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Shakespeare for people who don’t like Shakespeare

By Barbara Popel on January 27, 2016

Tristan D. Lalla, Quincy Armorer and Kayvon Kelley in 12th Night. All photos courtesy of the National Arts Centre.

Tristan D. Lalla, Quincy Armorer and Kayvon Kelley in 12th Night. All photos courtesy of the National Arts Centre.

A year and a half ago, Jillian Keiley, the Artistic Director of English Theatre at the National Arts Centre, asked Calgary’s Old Trout Puppet Workshop to collaborate on a production of one of Shakespeare’s most loved comedies – Twelfth Night.  However, she wanted them to imagine the play without puppets.  As the Old Trouts say in the program, “We don’t typically design shows with actual living actors in them” but they decided to take the plunge.  I’m glad they did.  Their abundant creativity has given us a delightful production.  First and foremost, the NAC’s Twelfth Night is Shakespeare for people who don’t like Shakespeare or who aren’t familiar with Shakespeare.

The reaction of the opening night audience was enthusiastic.  Given their excited exclamations, it was obvious that some were surprised by the plot.  And there was plenty of loud laughter, as well as spontaneous applause at funny bits of business and at several smooches in the final scenes.  The scenery also drew applause – deservedly.

Alison Woolridge and Paul Rainville.

Alison Woolridge and Paul Rainville.

Ah yes, the scenery!  The Old Trouts channeled Terry Gilliam, the brilliant cartoonist member of Monty Python’s Flying Circus, to create the most marvellous movable sets, props and costumes.  These were even more delightful than the sets of 2014’s Alice Through the Looking Glass.  It’s worth the price of admission just to see the sets.  Even the set changes between scenes are amusing.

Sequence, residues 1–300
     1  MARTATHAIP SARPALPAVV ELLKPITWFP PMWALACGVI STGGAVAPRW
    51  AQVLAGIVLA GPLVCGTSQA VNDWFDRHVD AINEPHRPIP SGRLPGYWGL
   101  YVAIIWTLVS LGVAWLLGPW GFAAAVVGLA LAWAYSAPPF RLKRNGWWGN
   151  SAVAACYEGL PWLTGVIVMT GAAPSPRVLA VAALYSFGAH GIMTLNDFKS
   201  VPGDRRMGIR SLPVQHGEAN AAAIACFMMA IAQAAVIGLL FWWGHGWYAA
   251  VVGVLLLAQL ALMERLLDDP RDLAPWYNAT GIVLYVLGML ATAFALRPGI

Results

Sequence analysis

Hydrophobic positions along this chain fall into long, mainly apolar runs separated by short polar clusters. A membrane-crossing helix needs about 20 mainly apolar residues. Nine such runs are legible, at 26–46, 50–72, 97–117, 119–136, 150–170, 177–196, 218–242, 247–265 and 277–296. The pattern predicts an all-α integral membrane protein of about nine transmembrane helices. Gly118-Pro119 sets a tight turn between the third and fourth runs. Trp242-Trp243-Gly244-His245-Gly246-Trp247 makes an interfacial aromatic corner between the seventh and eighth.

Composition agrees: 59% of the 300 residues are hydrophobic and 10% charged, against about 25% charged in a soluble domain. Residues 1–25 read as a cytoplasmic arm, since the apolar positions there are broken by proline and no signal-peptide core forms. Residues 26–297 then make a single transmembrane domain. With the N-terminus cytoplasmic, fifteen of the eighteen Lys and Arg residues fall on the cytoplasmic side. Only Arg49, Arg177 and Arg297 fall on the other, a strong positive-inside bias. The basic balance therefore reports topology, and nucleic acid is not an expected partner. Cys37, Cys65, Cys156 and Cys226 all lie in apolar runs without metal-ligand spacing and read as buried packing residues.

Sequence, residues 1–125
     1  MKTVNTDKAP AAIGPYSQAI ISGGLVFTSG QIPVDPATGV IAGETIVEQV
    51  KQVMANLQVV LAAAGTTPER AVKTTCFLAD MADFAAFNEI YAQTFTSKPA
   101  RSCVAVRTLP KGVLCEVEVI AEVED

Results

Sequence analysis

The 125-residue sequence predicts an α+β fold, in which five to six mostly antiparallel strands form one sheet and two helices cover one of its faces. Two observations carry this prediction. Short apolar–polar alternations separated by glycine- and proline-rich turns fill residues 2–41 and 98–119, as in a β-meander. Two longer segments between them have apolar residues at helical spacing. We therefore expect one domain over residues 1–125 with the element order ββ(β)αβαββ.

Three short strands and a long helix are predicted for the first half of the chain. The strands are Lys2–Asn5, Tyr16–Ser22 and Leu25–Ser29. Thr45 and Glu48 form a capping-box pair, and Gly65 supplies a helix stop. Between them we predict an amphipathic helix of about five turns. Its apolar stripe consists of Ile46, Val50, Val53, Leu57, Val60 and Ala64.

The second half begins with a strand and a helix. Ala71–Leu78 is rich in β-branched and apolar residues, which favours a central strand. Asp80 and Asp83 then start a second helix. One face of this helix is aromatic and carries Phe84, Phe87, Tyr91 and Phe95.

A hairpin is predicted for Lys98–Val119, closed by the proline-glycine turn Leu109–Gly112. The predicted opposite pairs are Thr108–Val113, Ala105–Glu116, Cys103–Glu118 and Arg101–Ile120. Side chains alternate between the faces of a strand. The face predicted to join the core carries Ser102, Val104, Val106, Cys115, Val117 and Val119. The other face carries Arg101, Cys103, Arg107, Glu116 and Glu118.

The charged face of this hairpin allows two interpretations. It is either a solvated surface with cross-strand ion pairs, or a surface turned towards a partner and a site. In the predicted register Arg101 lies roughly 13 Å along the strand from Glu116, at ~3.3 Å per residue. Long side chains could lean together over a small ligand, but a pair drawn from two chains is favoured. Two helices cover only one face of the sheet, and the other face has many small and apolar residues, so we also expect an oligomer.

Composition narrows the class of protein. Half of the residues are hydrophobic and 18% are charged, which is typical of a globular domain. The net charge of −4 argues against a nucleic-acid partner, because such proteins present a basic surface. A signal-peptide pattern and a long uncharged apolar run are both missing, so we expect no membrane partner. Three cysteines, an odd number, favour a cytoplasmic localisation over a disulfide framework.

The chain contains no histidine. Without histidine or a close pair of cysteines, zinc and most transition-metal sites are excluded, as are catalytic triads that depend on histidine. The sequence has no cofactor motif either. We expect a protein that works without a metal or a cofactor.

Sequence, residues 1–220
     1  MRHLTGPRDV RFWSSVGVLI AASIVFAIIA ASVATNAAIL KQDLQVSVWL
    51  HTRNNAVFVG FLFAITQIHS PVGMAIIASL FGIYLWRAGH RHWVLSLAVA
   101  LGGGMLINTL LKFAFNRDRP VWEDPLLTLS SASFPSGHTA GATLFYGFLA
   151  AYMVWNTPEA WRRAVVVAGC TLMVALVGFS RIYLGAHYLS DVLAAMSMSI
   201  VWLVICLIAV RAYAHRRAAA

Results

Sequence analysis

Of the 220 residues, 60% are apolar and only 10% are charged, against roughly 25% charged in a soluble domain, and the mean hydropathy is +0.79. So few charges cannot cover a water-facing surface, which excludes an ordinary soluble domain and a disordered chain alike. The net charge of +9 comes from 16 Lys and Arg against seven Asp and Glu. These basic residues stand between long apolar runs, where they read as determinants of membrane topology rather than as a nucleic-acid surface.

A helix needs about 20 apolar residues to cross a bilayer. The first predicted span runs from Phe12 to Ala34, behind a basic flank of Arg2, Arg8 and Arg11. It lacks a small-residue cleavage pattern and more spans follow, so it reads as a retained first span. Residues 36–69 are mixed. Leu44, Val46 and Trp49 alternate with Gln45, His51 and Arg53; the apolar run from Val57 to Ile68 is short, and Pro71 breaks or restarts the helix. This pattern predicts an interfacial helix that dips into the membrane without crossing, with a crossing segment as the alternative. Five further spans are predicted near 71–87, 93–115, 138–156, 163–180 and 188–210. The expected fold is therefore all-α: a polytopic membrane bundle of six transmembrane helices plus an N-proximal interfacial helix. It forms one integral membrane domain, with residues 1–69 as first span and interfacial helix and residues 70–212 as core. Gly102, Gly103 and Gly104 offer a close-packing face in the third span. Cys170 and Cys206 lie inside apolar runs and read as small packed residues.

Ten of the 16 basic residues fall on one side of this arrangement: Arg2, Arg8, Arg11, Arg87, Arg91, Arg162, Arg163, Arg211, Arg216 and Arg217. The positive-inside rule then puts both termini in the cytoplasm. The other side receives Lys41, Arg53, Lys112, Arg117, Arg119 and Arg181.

Twelfth Night is about the madness of lovesickness, about being “crazy for love”.

The acting, while uniformly broad, is generally good.  The actors seem to be comfortable speaking Shakespearean lines, though it appears that Keiley directed them to play their roles with vaudevillian extravagance, and to give less weight to their words than their actions.

Five of the actors stand out.  First on stage is Kayvon Kelly as the Fool, Feste.  He wears an obscene onesie that reminds me of one of the sperm in Woody Allen’s Everything You Wanted to Know About Sex…  A quite good singer, he sings pop songs from the 1980s and 1990s that comment on the action.   Alison Woolridge as Maria and Paula-Jean Prudat as Fabienne are excellent comediennes.  I’d love to see them in more plays.  Paul Rainville is terrific as the dipsomaniacal Sir Toby Belch.  But then, Rainville excels at every role he attempts.  Alex McCooeye is absolutely hilarious as Sir Andrew Aguecheek, the doltish knight.  He has a gift for delivering funny lines with exquisite body language – he’s like a young Hugh Laurie in Blackadder.

The actors playing most of the major characters – Count Orsino, Viola, Sebastian and Olivia – are believable in their roles.  Janelle Cooper as Viola doesn’t always enunciate her lines clearly, but this might have been due to opening night nerves.

However, Bruce Dow is miscast or perhaps misdirected as the key character, Malvolio.  Dow is a jolly comedian whose Malvolio starts out as a conceited buffoon and changes into… a ridiculous conceited buffoon.  Unfortunately, he’s not credible as a rigid Puritan who is transformed midway through the play into a fool for love when he’s tricked into believing that Lady Olivia carries a flame for him.

Nevertheless, the magic wrought by Old Trout Puppet Workshop makes Twelfth Night a night to remember.

Twelfth Night is at the NAC Theatre until Feb.6, 2016. It’s approximately 2 hours long, with no intermission.  Because of the occasional lewd joke or gesture, the play is suitable for older teenagers but not for children.  Tickets are available online or at the NAC box office.